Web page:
June of 2020 was a thrilling month for Nikola, a manufacturer of zero-emission semis that rely on hydrogen fuel cells. Soon after going public, shares of the company shot up to around $65, and the market cap grew to $23 billion, pretty close to the valuation of Ford. And all this happened before the Nikola Two, the company’s signature offering, has even gone into production.
What’s making investors so excited about the company?
Hydrogen fuel cells can store three times as much energy as batteries given the same volume. Fuel cells can also store that energy indefinitely, whereas batteries gradually lose their charge. For these reasons, hydrogen fuel cells are thought to hold a lot of promise for future developments, and they’re also why Nikola is already touting longer ranges based on shorter charge times: 500 miles after 15 or 20 minutes vs Tesla’s 400 miles after 30 minutes. (The Nikola Two is marketed as having a potential 750-mile maximum range, compared to Tesla’s 500.)
Another factor behind Nikola’s sudden popularity is new legislation in California mandating that trucks achieve zero-emission status by 2035. In late June, the Clean Trucks Rule passed into law, and while stocks in electric vehicles didn’t immediately go up—Covid-19 numbers were on the rise—analysts say interest in these companies was piqued. (As of July 6th, Tesla’s stock, for instance, had gone up 20%.)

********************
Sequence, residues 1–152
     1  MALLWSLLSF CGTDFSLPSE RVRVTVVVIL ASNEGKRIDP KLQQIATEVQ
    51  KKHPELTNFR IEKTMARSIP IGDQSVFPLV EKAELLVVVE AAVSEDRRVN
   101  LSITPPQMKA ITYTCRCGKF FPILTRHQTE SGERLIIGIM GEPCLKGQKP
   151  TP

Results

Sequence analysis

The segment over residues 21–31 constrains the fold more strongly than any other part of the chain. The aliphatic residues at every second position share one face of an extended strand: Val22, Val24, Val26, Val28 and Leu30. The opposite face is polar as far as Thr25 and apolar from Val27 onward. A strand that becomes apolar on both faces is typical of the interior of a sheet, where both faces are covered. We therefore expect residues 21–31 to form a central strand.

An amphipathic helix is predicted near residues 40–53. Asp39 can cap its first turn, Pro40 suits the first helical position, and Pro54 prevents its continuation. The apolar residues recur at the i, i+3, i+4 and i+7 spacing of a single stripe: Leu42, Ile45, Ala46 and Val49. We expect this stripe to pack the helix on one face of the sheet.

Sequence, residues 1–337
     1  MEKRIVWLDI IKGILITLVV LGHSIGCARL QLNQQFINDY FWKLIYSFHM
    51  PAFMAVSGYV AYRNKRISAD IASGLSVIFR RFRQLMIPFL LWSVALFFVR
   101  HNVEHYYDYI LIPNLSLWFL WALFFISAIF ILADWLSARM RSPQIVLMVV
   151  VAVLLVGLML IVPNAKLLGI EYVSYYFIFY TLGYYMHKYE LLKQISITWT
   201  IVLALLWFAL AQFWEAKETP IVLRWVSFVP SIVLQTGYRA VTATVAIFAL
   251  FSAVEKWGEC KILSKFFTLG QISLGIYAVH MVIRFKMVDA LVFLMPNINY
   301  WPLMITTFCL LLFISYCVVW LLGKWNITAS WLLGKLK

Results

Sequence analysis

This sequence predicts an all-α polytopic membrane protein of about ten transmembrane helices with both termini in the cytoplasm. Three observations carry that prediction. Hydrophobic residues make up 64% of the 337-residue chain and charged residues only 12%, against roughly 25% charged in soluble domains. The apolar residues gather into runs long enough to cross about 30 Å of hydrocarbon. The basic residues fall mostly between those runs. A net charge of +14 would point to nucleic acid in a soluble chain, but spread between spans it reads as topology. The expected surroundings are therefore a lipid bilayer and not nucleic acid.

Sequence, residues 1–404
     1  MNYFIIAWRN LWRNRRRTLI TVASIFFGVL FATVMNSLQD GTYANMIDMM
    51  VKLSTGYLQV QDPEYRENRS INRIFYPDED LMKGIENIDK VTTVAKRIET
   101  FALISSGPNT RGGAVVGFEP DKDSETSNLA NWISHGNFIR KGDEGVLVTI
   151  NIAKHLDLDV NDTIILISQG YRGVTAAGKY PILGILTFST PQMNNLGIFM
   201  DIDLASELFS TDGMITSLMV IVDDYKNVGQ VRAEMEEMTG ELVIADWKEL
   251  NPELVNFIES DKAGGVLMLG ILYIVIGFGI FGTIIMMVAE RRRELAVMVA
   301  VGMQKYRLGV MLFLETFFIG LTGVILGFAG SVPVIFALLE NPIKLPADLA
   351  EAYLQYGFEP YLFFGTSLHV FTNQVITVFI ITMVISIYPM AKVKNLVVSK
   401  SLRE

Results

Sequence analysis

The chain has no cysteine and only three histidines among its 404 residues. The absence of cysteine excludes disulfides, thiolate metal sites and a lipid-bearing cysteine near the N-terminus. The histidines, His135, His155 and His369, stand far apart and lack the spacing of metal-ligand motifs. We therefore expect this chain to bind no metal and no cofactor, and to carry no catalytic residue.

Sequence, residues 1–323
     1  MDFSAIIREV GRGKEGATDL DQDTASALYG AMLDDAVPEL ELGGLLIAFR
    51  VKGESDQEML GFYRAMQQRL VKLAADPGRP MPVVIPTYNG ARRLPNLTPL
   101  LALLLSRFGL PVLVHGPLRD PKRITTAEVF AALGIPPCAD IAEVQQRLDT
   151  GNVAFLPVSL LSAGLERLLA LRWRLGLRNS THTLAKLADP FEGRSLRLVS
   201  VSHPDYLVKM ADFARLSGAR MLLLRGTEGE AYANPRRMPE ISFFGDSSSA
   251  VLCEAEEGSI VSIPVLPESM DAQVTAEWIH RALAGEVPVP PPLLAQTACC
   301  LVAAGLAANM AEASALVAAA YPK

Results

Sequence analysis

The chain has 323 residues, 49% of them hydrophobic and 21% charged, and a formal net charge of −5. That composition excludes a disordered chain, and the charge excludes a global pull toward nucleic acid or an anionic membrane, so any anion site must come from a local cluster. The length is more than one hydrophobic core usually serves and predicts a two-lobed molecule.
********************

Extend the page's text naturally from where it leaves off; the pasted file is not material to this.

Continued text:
The Better Deal?
As things currently stand, the energy that goes into charging a fuel cell can be much more efficiently used to charge a battery directly. The energy cost of battery-powered vehicles will likely be much lower than that of vehicles powered by fuel cells for some time. According to one analysis, 38% of the energy generated for hydrogen fuel cells makes it to the drive train of a vehicle, while something like 80% makes it to the drive train of a battery-powered vehicle.
This is important because Nikola is entering a market with some heavy hitters, Tesla among them. While Tesla likewise has yet to begin production on its own battery-powered electric semis, the company is already profitable, and there are recharging stations for its cars all over the country.
Another potentially major disadvantage for Nikola is pricing: the company is going to offer its trucks, not for sale but for lease. For $665,000, freight haulers can get a Nikola semi for 7 years or 700,000 miles. That includes repairs, maintenance, and even the hydrogen fuel that powers the vehicle. Since all the expenses are covered, this price point seems like a good deal—even if you don’t own the truck at the end of the lease.